forms. On each tested platform the Constructor was able           registers, was commonly found less than 10 times, but
to find enough useful instructions to construct all impor-         nevertheless the attacker can take advantage of it.
tant gadgets that are needed by the Compiler, i.e., on each
platform we are able to compile arbitrary return-oriented         4.1.2   Gadget Examples
programs. This substantiates our claim that our frame-
work is general and portable.                                     In order to illustrate the gadgets constructed by our
   Table 1 provides an overview of the results for the gad-       framework, we present a few examples of gadgets in this
get construction algorithm for six of the ten test config-         section. A full listing of all gadgets constructed during
urations. We omitted the remaining four test results for          the evaluation on ten different machines is available on-
the sake of brevity; the results for these machines are           line [13] such that our results can be verified.
very similar to the listed ones. The table contains test             Figure 5 shows the AND gadget constructed on two
results for two scenarios: On the one hand, we list the           different machines both running Windows XP SP2. In
number of return instructions and trie leaves when us-            each of the sub-figures, the left part displays the instruc-
ing any kernel code, e.g., all drivers and kernel com-            tions that are actually used for the computation: Re-
ponents. On the other hand, we list in the restricted             member that our current implementation considers one
column (res.) the results when using only the main                instruction preceding a return instruction, i.e., after each
kernel component (ntoskrnl.exe) and the Win32-                    of the displayed instructions one implicit ret instruction
subsystem (win32k.sys) for extracting useful instruc-             is executed. The right part shows the memory locations
tions. These two components are available in any Win-             where the instruction is found within kernel memory (R),
dows environment and thus constitute a memory region              or indicates the label name (L). Labels are memory vari-
an attacker can always use to build gadgets.                      able addresses.
   The number of return instructions found varies with               The two gadgets each perform a logical AND of two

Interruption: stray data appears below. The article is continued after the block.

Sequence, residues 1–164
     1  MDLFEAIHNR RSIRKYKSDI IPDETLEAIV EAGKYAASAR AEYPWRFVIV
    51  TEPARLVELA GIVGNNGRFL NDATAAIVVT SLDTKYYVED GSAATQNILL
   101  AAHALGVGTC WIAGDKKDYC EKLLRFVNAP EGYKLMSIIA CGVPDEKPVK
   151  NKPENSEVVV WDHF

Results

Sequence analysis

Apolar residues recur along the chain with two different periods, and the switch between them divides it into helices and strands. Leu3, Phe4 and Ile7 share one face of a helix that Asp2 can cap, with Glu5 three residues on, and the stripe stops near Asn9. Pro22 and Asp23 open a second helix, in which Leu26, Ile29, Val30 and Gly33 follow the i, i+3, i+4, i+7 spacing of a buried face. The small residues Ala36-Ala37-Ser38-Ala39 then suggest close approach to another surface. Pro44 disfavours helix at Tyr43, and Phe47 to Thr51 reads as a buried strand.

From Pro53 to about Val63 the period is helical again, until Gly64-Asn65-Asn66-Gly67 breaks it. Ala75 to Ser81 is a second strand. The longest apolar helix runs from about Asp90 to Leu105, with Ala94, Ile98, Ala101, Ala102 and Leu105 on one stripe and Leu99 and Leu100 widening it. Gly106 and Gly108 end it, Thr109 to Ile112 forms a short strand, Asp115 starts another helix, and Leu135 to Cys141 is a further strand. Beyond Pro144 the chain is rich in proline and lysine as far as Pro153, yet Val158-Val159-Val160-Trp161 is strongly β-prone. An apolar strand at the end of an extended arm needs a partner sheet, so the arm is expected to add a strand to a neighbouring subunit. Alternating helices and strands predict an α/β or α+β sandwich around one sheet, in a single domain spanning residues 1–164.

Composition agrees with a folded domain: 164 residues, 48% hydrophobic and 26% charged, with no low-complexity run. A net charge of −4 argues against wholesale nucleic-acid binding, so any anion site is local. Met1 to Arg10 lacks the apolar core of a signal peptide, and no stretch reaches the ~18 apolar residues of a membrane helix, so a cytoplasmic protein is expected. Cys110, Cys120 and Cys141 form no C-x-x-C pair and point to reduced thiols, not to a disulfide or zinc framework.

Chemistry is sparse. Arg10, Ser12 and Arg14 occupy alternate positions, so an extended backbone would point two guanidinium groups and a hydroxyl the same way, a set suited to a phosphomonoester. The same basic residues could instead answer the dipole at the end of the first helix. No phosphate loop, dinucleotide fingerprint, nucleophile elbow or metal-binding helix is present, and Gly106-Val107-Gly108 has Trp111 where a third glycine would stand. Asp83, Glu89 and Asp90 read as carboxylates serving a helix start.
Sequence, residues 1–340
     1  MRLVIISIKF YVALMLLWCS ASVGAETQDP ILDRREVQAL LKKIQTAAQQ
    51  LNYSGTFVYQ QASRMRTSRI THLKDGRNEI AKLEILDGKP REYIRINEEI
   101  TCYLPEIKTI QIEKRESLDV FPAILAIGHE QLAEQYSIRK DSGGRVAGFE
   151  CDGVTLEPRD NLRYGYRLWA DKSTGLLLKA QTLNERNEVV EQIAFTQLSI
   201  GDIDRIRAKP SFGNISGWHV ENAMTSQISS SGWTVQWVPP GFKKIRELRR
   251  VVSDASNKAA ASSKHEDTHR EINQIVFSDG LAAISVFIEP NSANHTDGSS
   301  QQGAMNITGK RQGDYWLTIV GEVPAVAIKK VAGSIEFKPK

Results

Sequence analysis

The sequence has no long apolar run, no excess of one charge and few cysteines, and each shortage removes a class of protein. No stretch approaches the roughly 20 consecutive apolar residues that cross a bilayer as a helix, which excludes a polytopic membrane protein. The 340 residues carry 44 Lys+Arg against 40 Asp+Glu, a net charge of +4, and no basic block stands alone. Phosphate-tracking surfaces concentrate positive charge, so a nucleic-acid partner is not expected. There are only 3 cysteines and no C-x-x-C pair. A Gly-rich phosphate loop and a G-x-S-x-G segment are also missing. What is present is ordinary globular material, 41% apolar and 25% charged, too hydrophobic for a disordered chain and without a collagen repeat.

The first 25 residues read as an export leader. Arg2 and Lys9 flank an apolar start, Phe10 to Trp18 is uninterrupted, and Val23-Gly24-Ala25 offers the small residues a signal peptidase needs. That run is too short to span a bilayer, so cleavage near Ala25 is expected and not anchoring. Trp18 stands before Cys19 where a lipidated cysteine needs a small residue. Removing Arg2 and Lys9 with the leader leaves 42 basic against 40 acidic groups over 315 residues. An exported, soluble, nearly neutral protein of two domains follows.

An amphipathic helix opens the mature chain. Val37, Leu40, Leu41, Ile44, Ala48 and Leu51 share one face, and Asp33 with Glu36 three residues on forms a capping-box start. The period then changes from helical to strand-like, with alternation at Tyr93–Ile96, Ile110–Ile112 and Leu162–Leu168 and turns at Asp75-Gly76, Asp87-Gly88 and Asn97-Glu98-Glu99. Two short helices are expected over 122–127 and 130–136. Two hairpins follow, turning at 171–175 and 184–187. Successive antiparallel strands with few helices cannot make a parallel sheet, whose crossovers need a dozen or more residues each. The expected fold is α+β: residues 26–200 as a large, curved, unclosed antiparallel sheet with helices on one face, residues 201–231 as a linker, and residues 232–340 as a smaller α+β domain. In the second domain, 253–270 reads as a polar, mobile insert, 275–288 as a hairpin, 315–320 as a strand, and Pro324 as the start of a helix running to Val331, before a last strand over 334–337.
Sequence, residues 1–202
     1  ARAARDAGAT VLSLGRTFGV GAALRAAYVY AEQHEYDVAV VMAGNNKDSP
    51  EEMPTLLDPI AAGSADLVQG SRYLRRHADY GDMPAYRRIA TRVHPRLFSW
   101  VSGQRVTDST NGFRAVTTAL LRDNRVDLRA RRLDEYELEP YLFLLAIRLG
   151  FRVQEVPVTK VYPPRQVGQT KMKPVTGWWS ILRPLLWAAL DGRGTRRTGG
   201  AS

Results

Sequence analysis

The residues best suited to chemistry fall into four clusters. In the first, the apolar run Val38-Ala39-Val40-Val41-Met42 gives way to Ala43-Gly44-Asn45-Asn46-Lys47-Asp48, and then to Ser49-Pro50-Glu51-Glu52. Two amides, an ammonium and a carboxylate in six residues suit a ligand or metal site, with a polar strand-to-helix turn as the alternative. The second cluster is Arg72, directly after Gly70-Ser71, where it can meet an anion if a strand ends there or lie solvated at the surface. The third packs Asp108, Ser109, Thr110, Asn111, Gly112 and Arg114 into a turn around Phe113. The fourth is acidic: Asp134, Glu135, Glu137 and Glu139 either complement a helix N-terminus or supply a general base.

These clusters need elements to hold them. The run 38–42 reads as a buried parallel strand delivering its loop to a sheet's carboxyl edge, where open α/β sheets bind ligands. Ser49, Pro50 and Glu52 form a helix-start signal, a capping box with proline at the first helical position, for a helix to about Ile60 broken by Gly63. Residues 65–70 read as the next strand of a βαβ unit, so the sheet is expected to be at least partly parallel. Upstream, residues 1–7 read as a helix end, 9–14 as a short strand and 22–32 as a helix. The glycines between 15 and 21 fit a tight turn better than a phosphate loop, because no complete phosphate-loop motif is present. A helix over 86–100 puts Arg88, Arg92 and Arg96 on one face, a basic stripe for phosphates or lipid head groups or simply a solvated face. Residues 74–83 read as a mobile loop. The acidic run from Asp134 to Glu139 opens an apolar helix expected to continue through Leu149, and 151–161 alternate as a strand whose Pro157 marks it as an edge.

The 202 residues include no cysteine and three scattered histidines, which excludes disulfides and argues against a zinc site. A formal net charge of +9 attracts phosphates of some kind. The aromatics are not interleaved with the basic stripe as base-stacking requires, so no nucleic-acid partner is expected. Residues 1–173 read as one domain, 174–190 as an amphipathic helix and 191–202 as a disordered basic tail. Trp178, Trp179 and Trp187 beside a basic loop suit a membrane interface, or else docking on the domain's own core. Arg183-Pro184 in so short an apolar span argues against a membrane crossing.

the platform and is influenced by many factors, mainly             values. This is achieved by loading the two operands into
OS version/service pack and hardware configuration. Es-            the appropriate registers (pop, mov sequence), then
pecially the hardware configuration can significantly en-           performing the and instruction on the registers, and fi-
large the number of available return instructions since the       nally writing the result back to the destination address.
installed drivers add a large codebase to the system: We          Although both programs are executed on Windows XP
found that often graphic card drivers add thousands of            SP2 machines, the resulting return-oriented code looks
instructions that can be used by an attacker. For the com-        completely different since useful instructions in different
plete codebase we found that on average every 162nd in-           kernel components are used by the Constructor.
struction is a return. Therefore an attacker typically finds          Another example of a gadget constructed by our
tens of thousands of instructions she can use.                    framework is shown in Figure 6. The left example shows
   If the attacker restricts herself to using only the core       a gadget for a machine running Windows Vista, while the
kernel components, she is still able to find enough re-            example on the right hand side is constructed on a ma-

           Machine configuration           # ret inst.    # trie leaves       # ret inst. (res)    # trie leaves (res)
           Native / XP SP2                   118,154          148,916                 22,398                 25,968
           Native / XP SP3                    95,809          119,533                 22,076                 25,768
           VMware / XP SP3                    58,933           67,837                 22,076                 25,768
           VMware / 2003 Server SP2           61,080           70,957                 23,181                 26,399
           Native / Vista SP1                181,138          234,685                 30,922                 36,308
           Bootcamp / Vista SP1              177,778          225,551                 30,922                 36,308